I hope that helps a little, an realize I'm probably a rare bird but I'm sure I'm not the only gamer like this.

Last edited by bacon-N-eggs; 09-07-2012 at 08:30 PM.
09-07-2012, 10:19 PM
#7
Joined: May 2010
Location: Lexington, KY
Posts: 2,375
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As a semi-professional writer, there are a couple of things I notice in the stories for app store games (and games in general).

A lot of them fall into the trap of having an "epic" preface-- a plain black screen with text with a narrator explaining away the setting, the conflict, and the evil villain. (100000000s of years ago, the dark lord blahblah descended upon the land. 4 wizards united together and sealed his soul into gems, then scattered them to the four corners of the earth, etc., we've all seen it). This is understandably boring and I suspect that most people just skip this crap. It shows up a lot in KRPGs.

There's really no need for this kind of device. It is much more compelling to just drop your player right into the setting and story, then give them context in small pieces through dialogue, events, or NPCs.

Another thing I see is the same old high fantasy theme, of course.

And then there's the protagonist who is perfect and has no flaws or internal conflict...that's disappointing. Again, a lot of KRPGs do this. Final Fantasy 6 is a good example of successful internal conflict and development in its characters.

Another thing I don't see enough of is a good sense of scope and scale. Every game wants to have some world-shattering crisis, but they don't present it in a way that makes the player actually feel like there is this omnipresent danger. Illusion of Gaia and FF7 both do this perfectly by giving the very creepy, obvious threat of a meteor/comet, foreshadowing it for much of the game and increasing its urgency in stages (literally bringing the threat closer, making the sky dark, good music to set the tone, etc). Tales of Phantasia does this by first destroying the main character's home town, then eventually pulling you into a full-fledged war. A lot of games try to do this by having the evil villain just show up at X moment to taunt the protagonist, but it's old and predictable and reeks of boring monologues where you just give away your entire plan for nothing.

If you really want a compelling story I'd recommend studying the Hero's Journey archetype, as almost all stories fit it in some way. If you have a good understanding of that it will be easier to create a situation around your character, not a character for the situation. The wiki article is pretty good:

https://en.wikipedia.org/wiki/Monomyth

In terms of volume of dialogue...you really don't need that much to create a compelling story. Look at some comic books and see how they do it. Half of it's just stuff happening. The action should push things forward and tell you about your characters as much as whatever is said.

i'm a pretty kitty cat

Last edited by SkyMuffin; 09-07-2012 at 10:21 PM.
09-07-2012, 10:36 PM
#8
Joined: Mar 2012
Location: NY, NY
Posts: 990
Quote:
Originally Posted by BrokenKings View Post
hey guys,

Stephen here from Broken Kings, looking to understand what stories mean to you in your games.

At Broken Kings, we're working on a strategy game and we're looking into the story and how we can make it the best we can be - on one level, we have all these fantastic ideas of what the story could be, where it could go - we are developing history for our world, etc... (the usual shebang)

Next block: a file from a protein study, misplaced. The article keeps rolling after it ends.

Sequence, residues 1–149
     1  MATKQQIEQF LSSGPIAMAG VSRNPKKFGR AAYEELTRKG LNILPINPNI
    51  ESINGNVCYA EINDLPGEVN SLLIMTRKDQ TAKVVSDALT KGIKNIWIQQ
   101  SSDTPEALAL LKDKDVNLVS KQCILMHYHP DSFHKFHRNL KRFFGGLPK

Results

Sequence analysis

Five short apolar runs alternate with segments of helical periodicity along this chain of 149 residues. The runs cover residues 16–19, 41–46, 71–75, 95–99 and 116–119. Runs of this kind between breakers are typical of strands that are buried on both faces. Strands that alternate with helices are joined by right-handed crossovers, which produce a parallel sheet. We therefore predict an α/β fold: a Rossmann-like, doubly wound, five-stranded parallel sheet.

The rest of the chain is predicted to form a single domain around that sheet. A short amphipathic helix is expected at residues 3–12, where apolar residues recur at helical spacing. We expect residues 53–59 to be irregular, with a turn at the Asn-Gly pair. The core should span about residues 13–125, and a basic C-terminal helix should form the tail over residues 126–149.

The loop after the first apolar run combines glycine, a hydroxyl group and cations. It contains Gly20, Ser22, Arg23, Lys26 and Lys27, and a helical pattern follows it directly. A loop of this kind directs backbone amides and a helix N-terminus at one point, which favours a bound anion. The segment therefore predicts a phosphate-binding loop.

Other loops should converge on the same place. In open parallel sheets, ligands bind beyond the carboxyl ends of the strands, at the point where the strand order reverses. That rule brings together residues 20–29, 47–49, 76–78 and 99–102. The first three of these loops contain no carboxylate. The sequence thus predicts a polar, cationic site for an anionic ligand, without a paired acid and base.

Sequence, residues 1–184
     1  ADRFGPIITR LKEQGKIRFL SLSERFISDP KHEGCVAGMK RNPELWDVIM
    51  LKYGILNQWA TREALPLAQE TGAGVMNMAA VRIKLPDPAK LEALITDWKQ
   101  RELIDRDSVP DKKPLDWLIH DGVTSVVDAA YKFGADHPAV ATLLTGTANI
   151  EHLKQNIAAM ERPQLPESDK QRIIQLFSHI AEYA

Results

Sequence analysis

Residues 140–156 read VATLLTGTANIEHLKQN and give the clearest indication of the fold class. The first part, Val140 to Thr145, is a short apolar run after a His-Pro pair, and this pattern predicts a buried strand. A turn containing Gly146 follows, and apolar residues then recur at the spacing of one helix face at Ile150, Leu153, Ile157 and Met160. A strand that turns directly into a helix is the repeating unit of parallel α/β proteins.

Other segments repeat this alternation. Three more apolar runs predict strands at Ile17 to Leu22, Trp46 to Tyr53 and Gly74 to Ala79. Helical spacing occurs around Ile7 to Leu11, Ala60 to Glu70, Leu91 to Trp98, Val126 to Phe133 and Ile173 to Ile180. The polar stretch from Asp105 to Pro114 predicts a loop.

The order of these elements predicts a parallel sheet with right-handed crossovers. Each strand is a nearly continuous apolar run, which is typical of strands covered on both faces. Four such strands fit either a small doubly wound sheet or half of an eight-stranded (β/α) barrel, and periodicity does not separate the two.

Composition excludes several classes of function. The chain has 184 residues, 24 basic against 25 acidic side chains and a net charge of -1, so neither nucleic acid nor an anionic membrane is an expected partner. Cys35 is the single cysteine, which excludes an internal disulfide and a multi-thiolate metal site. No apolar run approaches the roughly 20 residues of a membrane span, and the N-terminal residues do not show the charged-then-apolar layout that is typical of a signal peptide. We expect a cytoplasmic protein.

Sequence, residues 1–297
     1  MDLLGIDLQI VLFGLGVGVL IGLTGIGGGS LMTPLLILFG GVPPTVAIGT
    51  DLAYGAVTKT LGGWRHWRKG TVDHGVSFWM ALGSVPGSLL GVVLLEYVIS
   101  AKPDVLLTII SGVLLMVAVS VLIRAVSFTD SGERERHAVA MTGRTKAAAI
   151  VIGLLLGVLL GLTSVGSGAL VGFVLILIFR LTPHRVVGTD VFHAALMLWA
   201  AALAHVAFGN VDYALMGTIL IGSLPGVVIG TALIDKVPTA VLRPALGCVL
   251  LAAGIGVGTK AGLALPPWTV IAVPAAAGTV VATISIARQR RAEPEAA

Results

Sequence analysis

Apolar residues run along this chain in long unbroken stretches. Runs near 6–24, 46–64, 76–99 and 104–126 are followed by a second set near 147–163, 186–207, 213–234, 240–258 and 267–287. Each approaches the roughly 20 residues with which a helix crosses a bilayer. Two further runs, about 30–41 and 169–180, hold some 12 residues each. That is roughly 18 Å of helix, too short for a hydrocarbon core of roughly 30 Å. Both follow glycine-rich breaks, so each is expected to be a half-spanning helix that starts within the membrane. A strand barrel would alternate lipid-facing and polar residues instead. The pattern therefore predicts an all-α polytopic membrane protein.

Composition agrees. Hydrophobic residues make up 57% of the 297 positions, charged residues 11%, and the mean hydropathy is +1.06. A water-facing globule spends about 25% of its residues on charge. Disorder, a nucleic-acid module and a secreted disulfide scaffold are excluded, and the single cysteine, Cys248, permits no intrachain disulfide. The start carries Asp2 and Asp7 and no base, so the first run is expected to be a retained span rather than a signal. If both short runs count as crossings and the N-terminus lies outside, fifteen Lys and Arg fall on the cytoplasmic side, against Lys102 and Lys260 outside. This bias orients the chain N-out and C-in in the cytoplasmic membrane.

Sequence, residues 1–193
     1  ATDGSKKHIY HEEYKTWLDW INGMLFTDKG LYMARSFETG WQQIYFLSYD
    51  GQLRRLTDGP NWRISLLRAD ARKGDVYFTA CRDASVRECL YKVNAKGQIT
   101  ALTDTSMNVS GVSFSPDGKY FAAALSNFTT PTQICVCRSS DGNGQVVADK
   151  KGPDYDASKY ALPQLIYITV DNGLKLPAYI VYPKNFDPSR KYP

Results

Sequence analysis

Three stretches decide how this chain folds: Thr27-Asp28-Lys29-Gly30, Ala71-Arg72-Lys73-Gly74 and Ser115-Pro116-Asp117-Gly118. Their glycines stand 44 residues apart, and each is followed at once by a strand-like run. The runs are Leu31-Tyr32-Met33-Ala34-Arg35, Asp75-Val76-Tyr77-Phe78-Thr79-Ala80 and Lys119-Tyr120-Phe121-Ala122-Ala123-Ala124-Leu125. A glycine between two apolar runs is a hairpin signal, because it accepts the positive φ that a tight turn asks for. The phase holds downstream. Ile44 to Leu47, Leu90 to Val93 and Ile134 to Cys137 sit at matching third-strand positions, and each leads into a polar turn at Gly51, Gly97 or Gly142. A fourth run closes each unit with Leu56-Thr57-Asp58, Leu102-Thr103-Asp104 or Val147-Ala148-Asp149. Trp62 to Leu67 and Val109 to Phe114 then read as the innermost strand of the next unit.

but we also know that 90% of users will click "skip" without reading the first line of text. So I'm curious - what do you want out of a story in a game? What does it take to get you to sit through a few lines of dialogue every few levels (or even every level)?

When and why do you click skip?
Oh, you guys made Dirt! I love Dirt! Considering how touching a picture that game painted with minimal story-telling, I think you should just go with your instincts on what to do with a more normal narrative.
09-08-2012, 10:44 AM
#9
Joined: May 2009
Posts: 279
Primoz, Skymuffin, thank you for the tips, they are both encouraging because some of those things you have mentioned are the very things we have thought of and taken into consideration when plotting / planning the story, and helpful with the things that aren't. While our game is indeed a war game, and therefore has a plot involving conflict / etc., we've tried to stay away from typical fantasy/end of the world tropes and are basing our scenarios on points in history that fascinate us more than fantastical themes. Hopefully that will help keep things less stagnant? I suppose time will tell on that front.

bacon-N-eggs - yep, users like you exist, and we have taken you into consideration with the "no story" option. The original game had no story and did well, so our thought is as long as we keep the gameplay as tight, the story is just icing on the cake

Smegly - thanks! This story is very different than Dirt but you are right - you can't second guess yourself too much or you're just going to make things worse.
09-08-2012, 03:19 PM
#10
Hey Stephen,
Yes I am guilty of skipping storyboards too. I am not sure why I do this for hand held and especially mobile games but I do not do this for PC games unless the story or presentation is really poor. I think the few games I have payed attention to the story is when it is presented purely in picture format. I know it sounds silly but thats what works for me. If you can do humor writing to make me like you characters I will read small lines of text but if the humor is forced or repetitive it would likely turn me off very quickly

I like pushing carts. Especially ones with oversized bombs.